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Window May Be Opening for Jumbo Mortgages


When you’re looking for a mortgage loan of an amount that is over the limit for what Fannie Mae and Freddie Mac call a "conforming" loan, you may find credit hard to come by.

When you’re looking for a mortgage loan, if the amount you need is over the limit for what Fannie Mae and Freddie Mac call a “conforming” loan, you may find credit hard to come by. For most parts of the country, anything over $417,000 is a non-conforming or jumbo loan, although the limit goes up to $729,750 in some high-cost areas. Because a lender can’t get the loan off its books by selling it to one of the government-backed mortgage buyers, a jumbo loan generally comes with higher rates and stiffer lending standards than a conforming loan.

There are signs, however, that the market for jumbo loans may be loosening up. Several lenders, fueled by an influx of cash as investors head away from stocks into safer havens like CDs and money-market accounts, are lowering interest rates on jumbo loans to around the 6% range. That’s half a percentage point lower than the average 6.5% rate on jumbo loans and almost two percentage points lower than the recent high of 7.9% reached last October.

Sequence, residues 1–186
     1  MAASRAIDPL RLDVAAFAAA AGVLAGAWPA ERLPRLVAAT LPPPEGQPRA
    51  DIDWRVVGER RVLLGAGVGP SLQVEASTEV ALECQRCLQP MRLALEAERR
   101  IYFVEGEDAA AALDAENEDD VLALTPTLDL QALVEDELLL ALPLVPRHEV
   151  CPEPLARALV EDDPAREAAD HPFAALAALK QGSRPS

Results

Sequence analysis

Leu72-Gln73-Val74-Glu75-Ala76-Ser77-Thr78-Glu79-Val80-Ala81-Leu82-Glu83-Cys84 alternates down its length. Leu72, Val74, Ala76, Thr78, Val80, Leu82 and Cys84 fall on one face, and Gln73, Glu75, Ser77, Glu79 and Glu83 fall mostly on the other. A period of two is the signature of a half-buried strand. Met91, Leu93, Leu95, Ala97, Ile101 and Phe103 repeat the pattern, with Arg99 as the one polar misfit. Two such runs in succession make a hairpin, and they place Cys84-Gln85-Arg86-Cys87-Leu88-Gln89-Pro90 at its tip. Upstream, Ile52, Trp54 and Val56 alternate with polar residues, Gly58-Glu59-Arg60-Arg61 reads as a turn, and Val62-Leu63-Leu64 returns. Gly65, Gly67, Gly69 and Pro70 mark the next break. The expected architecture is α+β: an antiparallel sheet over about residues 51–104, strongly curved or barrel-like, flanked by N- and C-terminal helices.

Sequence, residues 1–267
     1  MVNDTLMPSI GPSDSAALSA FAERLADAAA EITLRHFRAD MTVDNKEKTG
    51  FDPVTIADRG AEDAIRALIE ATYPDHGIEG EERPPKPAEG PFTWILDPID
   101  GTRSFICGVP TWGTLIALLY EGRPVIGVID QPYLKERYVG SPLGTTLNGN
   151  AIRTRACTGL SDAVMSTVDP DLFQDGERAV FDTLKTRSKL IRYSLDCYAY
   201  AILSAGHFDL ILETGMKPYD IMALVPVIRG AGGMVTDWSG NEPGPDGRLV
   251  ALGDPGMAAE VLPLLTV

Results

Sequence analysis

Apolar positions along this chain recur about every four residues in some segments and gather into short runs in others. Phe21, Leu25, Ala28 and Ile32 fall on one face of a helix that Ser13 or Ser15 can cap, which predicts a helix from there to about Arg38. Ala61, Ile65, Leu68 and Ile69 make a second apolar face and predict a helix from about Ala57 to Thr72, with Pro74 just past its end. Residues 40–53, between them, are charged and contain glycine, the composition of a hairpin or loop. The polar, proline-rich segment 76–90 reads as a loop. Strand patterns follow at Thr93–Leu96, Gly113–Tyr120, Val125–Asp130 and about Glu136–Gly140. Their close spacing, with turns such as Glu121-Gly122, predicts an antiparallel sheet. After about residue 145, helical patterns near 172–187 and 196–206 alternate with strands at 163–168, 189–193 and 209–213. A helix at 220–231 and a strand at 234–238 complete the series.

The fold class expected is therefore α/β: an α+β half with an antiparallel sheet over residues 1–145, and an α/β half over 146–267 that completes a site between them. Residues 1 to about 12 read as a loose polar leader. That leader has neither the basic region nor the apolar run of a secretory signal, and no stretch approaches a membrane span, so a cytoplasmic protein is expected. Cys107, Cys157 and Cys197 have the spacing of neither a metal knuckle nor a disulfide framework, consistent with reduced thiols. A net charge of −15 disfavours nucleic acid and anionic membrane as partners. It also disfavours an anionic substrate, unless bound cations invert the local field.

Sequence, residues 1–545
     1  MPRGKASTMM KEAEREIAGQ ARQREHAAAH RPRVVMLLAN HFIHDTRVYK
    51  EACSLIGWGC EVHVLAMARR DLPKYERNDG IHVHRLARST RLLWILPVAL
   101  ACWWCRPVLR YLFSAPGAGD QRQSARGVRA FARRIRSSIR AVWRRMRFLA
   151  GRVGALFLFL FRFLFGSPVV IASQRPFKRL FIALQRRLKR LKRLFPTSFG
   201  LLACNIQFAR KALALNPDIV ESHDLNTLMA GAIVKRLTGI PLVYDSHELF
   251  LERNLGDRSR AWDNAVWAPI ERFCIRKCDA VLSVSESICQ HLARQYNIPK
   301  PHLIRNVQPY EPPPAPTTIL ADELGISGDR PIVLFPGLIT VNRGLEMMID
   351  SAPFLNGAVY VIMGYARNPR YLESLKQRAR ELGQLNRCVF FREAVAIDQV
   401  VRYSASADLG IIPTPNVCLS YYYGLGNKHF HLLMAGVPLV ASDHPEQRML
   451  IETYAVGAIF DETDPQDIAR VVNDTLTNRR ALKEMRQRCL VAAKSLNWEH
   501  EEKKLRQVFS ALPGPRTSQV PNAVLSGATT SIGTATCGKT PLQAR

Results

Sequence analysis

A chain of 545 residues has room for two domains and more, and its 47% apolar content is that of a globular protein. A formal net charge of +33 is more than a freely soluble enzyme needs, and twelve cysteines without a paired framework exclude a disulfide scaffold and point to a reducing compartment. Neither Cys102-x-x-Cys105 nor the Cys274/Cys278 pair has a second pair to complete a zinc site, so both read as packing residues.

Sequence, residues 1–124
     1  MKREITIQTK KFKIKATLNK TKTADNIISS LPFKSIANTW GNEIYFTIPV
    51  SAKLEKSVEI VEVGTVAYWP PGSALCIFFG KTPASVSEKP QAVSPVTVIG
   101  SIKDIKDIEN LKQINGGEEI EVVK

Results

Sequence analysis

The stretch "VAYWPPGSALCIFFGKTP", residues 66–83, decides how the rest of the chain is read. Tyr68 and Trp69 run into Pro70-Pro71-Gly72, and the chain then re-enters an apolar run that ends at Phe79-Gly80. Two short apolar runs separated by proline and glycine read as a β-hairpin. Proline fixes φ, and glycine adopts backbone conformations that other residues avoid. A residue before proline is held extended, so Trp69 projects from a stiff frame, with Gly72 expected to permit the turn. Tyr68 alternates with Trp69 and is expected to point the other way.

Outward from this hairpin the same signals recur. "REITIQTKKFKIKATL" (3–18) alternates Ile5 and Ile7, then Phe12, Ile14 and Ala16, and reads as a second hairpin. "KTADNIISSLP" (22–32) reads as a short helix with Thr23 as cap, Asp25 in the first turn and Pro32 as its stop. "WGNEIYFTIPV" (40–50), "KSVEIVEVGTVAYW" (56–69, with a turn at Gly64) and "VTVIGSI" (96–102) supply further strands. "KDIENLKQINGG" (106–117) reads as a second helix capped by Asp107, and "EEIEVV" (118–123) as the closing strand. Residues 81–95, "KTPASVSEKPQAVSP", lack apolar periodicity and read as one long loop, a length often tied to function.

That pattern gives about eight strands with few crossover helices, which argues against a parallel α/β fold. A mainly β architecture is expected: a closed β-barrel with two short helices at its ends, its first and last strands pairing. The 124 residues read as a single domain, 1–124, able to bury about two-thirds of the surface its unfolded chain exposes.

Don’t expect getting a jumbo mortgage to be a walk in the park, however. There are a number of standards you may have to measure up to, including a credit score of 720 or more and six months of cash reserves in the bank. Down payments in the 20% to 25% range are another likely requirement and those seeking a jumbo refinance mortgage will probably need to have a 20% equity stake in the home. Mortgage experts advise borrowers to shop carefully among several lenders for the best deals.

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Victor J. Dzau, MD, gives expert advice
Victor J. Dzau, MD, gives expert advice